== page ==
In our late teens we went for our hamburger fixes to the tiny restaurant, just below street level, at the rear of Thomas Hotel. Sitting in one of the booths we’d look out at the busy traffic on Marquette Avenue—Howie Sell, Mikey Kaiserlian, Dickie Steberl and myself, seeing ourselves as Hollywood cronies of the silver screen, holding forth with our deluxe, not just every day hamburgers, because these were our evenings together on the town, harboring our newly minted dreams, away from our families, beneath the hotel’s blinking neon lights.
The circle completed, the boundaries of the neighborhood navigated, its impact on our lives, or at least my own, revealed, I return to my memory home on Superior Street, to sum up the lasting influences of our own neighborhood within the larger neighborhood of our hometown world, to remember first Bill Zaehler and his passion for life, a living magnet, drawing friends, relatives, and even strangers to his busy and cluttered backyard, where I would wander about, visiting his bait shack in back, with minnow tanks, tubs of crabs, and deep buckets of earth worms, also for sale. Whatever it meant to all the others, it was for me a living museum—Uncle Bill’s courtyard of magical life unfolding in ordinary time.
Bill’s love of music, if not as passionate as his love for the mystery and magic of fishing, was pursued by him with his usual mockery for material gain. Their band, that he was the drummer for, practiced in his home every Wednesday night, the music passing through his wall into ours. For us children in particular, he was the hero of the block, a legend unto himself, manifesting by style and substance, traits I could not find in any of my own people.
As my personality began to form, I was evaluating myself against all the influences that attracted me, as well as the conditions I felt had stifled me. Like Uncle Bill I was a fisherman, and although I didn’t seine for minnows, or catch perch in a net, I did fish for crabs at Island Park with liver purchased from the Boranian grocery store on State Street, around the corner from Garfield School. Uncle Bill fished by boat, unlike those of us who were limited to fishing with poles. I kept my ready-strung bamboo poles above the rain gutter of our sloping house’s roof that faced my mother’s arbor. At one word from Uncle Bill that the perch were running, I would make a dash for my poles, jump on my bike and go racing off to the pier.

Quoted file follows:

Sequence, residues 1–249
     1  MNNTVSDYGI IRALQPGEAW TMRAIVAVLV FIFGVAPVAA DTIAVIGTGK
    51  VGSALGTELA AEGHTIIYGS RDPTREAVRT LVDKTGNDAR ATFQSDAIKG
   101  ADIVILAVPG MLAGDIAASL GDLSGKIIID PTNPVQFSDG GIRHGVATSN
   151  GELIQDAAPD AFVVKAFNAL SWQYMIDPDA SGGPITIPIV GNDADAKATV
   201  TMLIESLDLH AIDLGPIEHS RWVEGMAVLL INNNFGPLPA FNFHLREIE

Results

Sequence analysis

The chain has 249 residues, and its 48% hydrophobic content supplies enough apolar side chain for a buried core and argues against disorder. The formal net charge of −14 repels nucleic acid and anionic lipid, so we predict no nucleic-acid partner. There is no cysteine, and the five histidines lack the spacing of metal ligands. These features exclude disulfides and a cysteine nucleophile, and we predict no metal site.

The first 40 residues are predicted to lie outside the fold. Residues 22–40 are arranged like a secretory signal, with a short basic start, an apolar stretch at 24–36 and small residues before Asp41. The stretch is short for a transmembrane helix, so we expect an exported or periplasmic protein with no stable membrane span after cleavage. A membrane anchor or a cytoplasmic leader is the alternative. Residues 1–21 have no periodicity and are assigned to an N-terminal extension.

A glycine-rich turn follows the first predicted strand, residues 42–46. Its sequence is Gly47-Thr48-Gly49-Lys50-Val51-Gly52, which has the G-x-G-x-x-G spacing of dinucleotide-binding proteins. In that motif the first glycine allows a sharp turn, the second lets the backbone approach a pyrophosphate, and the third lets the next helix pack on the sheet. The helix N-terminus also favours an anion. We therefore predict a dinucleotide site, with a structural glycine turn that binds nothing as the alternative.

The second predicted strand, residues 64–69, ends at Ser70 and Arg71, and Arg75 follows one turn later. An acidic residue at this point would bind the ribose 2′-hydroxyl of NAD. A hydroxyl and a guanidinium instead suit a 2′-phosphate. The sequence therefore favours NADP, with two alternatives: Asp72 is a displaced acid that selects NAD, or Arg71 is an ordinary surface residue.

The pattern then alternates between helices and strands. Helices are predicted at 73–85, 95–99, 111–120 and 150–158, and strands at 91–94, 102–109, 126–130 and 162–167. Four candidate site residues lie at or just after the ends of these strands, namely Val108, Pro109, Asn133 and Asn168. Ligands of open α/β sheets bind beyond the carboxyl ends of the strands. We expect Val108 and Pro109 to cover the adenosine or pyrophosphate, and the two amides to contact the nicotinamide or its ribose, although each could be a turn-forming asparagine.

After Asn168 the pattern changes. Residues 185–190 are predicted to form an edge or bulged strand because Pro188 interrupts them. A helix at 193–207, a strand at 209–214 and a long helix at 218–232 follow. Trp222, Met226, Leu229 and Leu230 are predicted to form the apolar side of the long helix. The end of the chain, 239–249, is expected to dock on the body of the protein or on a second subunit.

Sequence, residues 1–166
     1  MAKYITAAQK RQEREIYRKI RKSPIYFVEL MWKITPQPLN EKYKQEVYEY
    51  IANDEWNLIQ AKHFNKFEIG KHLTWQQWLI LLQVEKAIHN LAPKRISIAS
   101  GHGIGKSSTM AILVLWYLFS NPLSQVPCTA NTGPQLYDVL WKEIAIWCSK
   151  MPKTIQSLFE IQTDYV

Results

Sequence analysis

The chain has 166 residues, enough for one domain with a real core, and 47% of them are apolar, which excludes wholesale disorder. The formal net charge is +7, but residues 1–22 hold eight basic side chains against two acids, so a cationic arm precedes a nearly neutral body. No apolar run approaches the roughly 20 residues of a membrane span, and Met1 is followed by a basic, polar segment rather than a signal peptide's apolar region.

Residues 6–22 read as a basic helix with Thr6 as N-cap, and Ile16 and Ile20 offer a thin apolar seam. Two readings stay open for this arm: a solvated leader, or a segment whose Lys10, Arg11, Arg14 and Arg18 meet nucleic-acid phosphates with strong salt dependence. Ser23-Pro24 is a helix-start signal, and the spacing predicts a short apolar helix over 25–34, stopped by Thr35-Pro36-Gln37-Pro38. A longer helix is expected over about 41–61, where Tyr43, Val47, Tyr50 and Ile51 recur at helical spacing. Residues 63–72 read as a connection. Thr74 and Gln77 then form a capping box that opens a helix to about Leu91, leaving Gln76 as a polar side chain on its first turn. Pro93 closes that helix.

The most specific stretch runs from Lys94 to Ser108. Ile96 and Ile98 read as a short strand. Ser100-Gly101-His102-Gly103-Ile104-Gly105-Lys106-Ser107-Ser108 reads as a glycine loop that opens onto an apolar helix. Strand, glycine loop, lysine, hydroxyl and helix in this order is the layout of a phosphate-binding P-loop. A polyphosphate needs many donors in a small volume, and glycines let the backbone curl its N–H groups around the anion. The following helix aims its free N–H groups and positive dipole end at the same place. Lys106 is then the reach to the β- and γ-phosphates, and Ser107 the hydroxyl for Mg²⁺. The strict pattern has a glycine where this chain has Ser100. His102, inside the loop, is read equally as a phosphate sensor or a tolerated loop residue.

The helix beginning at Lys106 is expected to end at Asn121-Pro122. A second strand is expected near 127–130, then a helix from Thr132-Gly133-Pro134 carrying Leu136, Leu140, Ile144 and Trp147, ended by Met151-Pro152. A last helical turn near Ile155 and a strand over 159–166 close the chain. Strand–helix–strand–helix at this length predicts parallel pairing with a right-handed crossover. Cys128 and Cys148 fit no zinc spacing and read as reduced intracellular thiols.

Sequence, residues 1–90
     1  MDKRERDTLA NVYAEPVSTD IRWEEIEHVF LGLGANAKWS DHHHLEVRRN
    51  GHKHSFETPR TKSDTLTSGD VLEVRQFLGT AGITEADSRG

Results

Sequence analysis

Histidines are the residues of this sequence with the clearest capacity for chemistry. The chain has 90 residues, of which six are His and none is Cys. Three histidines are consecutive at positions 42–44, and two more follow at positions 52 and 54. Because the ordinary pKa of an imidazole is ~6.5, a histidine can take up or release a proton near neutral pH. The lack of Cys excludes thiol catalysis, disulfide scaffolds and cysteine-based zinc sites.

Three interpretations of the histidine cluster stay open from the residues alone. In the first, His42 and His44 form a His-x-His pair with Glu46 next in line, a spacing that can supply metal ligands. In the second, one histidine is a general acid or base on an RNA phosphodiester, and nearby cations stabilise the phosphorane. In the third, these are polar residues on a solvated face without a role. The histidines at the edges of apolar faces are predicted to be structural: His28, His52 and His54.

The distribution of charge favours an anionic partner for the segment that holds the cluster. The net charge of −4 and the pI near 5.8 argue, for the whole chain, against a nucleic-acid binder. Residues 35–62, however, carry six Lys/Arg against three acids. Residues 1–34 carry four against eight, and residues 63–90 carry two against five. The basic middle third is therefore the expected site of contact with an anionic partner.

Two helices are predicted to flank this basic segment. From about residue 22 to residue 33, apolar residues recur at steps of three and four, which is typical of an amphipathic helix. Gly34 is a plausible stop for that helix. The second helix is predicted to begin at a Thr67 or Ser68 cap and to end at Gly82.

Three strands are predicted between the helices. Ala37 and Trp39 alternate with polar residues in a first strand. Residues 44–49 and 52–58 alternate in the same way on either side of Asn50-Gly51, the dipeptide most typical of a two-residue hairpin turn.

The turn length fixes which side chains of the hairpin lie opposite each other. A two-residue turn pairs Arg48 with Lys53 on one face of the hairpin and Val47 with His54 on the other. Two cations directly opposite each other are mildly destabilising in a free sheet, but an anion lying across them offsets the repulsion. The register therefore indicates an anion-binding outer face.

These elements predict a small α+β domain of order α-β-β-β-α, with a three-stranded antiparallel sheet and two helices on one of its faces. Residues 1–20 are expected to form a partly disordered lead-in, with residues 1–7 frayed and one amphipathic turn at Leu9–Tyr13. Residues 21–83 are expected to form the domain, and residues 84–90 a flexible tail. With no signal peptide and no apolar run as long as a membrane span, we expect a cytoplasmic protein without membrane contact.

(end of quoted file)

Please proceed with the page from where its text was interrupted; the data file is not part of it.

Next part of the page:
Uncle Bill had taken a hold on my imagination because he was unlike anyone else I knew, strangely illusive and mysterious, with a devil may care attitude. His goofy, unselfconscious humor, only enhanced his eccentric manner. He could also be moody and aloof. But above all, he was unpredictable and impossible to peg down. Being different had become for me an important virtue, as well as a growing necessity, in my aim to live a life that was truly my own.
My father was an artist of another kind. His art had emerged from both his deep sensitivity, and a sensibility that found order and purpose in the artful preparation and presentation of food. That was the art he had mastered. He was a natural, intuitive cook, who had never studied or read a book on the subject. Perhaps he had learned his trade by osmosis, while a dishwasher at the Thomas Hotel on State Street, from where he was drafted into the service, becoming in time a cook for the Army’s brass. I would like to think that it was through the combined influence of my father and Uncle Bill that I became an artist myself, because like them, I was indifferent to material gain, and had my own demons to conquer. I was seeking to escape the burden of sorrow and defeat that had crushed my people. I did not want to reside in the residue of that tragedy, but to make a real life out of the life I had dreamed for myself, that I was slowly beginning to bring into focus.
My people had come to the right place, beginning anew in America, by refounding the race on the precious soil of freedom. And this was where I belonged. But with this came an obligation. I felt it was up to me to exonerate the losses of my people by developing something in myself that would bring these losses into some kind of balance, by giving our sorrow and suffering the meaning it deserved through an act of transformation and ultimate transcendence. I needed this for all of us, and I needed it for myself. By the age of fifteen I knew that life was a gift, with the realization that this gift was not free but must be paid for.
Thus my life began, with my neighborhood locked inside me, to nourish me and remind me that I was the son of that soil, so alien at the start, until it became in time the permanent ground of my art.
Dear Facebook friends this little fable of my youth is real and true and was written just for you and you and you—with love, and exists in chapbook form, available at the Racine Historical Museum, Cobbblestone and possible Mileagers, for those who happen to be there.